Men in power who don’t listen for the word no

I heard a quote from a women’s panel on sexual harassment and assault this morning and it is sealed in my brain. “Pandora’s Box is open and Pandora is pissed off.” I was thinking about this quote as I am disturbed after the revelations that veteran and award-winning┬ájournalist Charlie Rose was accused of sexual harassment and assault by eight women. This is like finding out your favorite uncle has done some bad things. But, even Rose does not get a hall pass for his behavior.

More women are feeling empowered to tell their stories that they have been tortured by for many years. Too many have been shamed into changing jobs, derailing careers, and losing their esteem because men in power are “not listening for the word no.” Whether they are in politics, business, religion, law, teaching, or run a store, restaurant or plant, men in power are used to hearing the word “yes” by subordinates. The more powerful they become, the more insulated they feel from culpability.

As a young District Attorney, Senate candidate Roy Moore felt insulated as he trolled the malls creepily looking for pretty teen girls he could influence. He said to several who balked at his advances to remember that “I am the DA and no one will believe you.” Arkansas Governor and President Bill Clinton used his sway to garner consensual sex with subordinates in administration and is alleged to have tried advances on women who were not consensual.

But, the one whose behavior┬ádisgusts me the most is the Man in the White House. Not only has he admitted to sexually assaulting and harassing women on several occasions (people tend to forget the Howard Stern interview admissions in light of the Access Hollywood tape), he bragged about being able to do it and not get caught. And, as for his defense that the Access Hollywood tape was “just locker room talk,” I personally find that a load of BS as I have never heard such talk in a locker room.

When his boasts are compared to the accusations by sixteen women, some who came forward before the Access Hollywood tape surfaced, it is uncanny how Trump describes precisely what he is accused of. But, these were not just adults. He bragged (and was accused) of his penchant to walk into beauty pageant dressing rooms to see the unclothed contestants. Mind you, he did this with the Miss Teen USA pageant, as well.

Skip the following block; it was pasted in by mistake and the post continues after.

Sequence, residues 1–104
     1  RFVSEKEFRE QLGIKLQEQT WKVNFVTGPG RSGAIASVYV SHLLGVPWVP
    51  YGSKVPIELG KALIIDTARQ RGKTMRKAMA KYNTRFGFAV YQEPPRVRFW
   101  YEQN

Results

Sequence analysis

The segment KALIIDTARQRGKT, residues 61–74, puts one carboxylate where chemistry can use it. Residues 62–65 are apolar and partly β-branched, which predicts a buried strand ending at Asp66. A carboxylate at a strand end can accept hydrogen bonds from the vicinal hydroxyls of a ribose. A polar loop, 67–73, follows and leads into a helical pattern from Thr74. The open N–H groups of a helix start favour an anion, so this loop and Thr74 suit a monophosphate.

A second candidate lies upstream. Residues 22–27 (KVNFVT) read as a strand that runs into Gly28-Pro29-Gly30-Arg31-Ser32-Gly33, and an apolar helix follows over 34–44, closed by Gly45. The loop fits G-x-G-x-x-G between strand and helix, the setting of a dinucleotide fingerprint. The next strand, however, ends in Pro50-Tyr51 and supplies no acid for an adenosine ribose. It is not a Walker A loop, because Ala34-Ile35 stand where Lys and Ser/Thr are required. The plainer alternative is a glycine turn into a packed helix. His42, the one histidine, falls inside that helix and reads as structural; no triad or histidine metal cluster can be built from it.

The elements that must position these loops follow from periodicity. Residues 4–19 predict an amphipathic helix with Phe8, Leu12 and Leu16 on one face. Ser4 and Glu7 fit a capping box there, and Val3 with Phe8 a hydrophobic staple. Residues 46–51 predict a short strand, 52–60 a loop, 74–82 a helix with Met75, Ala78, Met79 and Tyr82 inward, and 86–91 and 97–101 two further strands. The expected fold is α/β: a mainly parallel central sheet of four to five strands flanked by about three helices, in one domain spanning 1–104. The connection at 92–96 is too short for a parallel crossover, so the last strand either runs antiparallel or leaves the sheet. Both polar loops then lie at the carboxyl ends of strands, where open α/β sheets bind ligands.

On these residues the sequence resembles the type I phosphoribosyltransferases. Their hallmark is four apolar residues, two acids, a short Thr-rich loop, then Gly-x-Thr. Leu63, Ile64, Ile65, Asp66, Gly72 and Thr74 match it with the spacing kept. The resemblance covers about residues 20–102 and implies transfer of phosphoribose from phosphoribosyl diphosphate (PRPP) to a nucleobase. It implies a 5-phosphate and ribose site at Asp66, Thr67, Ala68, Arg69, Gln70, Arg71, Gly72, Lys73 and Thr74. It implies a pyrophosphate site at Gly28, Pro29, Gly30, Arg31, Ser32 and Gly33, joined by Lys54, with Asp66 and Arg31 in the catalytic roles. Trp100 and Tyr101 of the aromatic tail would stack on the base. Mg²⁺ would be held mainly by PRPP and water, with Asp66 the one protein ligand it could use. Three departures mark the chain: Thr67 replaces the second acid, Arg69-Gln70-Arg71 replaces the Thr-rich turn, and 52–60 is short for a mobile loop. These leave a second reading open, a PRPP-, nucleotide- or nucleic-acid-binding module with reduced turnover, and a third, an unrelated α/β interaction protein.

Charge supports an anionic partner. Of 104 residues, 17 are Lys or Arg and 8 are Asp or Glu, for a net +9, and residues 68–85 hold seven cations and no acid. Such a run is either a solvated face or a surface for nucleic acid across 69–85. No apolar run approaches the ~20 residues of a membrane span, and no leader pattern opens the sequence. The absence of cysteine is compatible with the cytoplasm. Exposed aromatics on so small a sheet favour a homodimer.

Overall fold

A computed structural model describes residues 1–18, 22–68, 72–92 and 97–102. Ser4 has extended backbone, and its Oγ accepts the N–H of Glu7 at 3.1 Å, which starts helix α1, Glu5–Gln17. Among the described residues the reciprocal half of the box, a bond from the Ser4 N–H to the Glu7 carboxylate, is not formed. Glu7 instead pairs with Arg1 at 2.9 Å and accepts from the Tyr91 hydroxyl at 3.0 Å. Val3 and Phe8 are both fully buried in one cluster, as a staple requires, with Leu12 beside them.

Pandora has the right to be pissed. CBS, PBS and Bloomberg have all fired Rose. I think Alabamans need to tell Moore that he is not worthy of being a Senator. While I love Al Franken, he needs to step down or announce he will when a replacement is found. And, the accusations of one Donald Trump need to resurface and his resignation needs to be demanded. They will not get it, but if others are being held accountable, then so should he. Then, other male managers may get scared straight to hearing the word “no.”

Some men in power are running scared right now

If you are a man in power and have used your power to sexually harass or assault a subordinate colleague or third party, my guess is you are running a little scared right now. Sexually assaulted and harassed women (and men) are more empowered to tell stories that have eaten away at them for years.

Ex-judge and Senate candidate Roy Moore keeps asking why are these women coming forward now? Really? First, you apparently assaulted and harassed these women as impressionable teens and used your power as local DA to silence them. Second, you are interviewing to be a Senator of the United States. But, just read the news and you will know why these women are coming forward now.

Yet, if he did join the Senate, he will find some company in the halls of Congress on sexual assaulting and harassing women (and men). At least two have been noted to have either disrobed in front of a female staffer or French kissed one on the floor of Congress. Now, Senator Al Franken has been accused of sexual assault for inappropriately kissing a woman shortly before becoming Senator.

Then, there is the current President who has been accused by sixteen women of sexual assault, some who came forward before he was caught on the Access Hollywood tape admitting to such groping because he could get away with it. Yet, what failed to garner attention is the man admitted twice on the creepy Howard Stern show that he liked to walk in on unclothed beauty pageant contestants because he owned the franchise. That would include teen girls in the Miss Teen USA pageant. This, by itself, should have made him lose the election. It is too bad Harvey Weinstein was not accused last year, as that would have sealed Trump’s fate as the sexual assaulter he has admitted to be.

Yet, Hillary’s husband was also a known philanderer. I don’t know if he assaulted them, but he did use his power to garner attention. Bill Clinton will be remembered for being a good President who balanced the budget and under whom more jobs were created than any other President. But, he will also be remembered as a skirt chaser. To her credit and resolve, Hillary stood by her husband, but I hope she slapped the crap out of him when he needed it.

If our leadership dishonors their position, regardless of party, they need to be held accountable. A Speaker of the House was forced to resign a few years ago for taking advantage of young wrestler he coached and he paid for silence. If we have members of Congress who have sexually assaulted women or men, then they need to do the right thing. The same holds true for Roy Moore and should have held (and should still hold) true for the Man in the White House.

If some of these leaders are worried about future accusations, they have no one else to blame. As for the ex-judge, my guess is there will be more to come forward.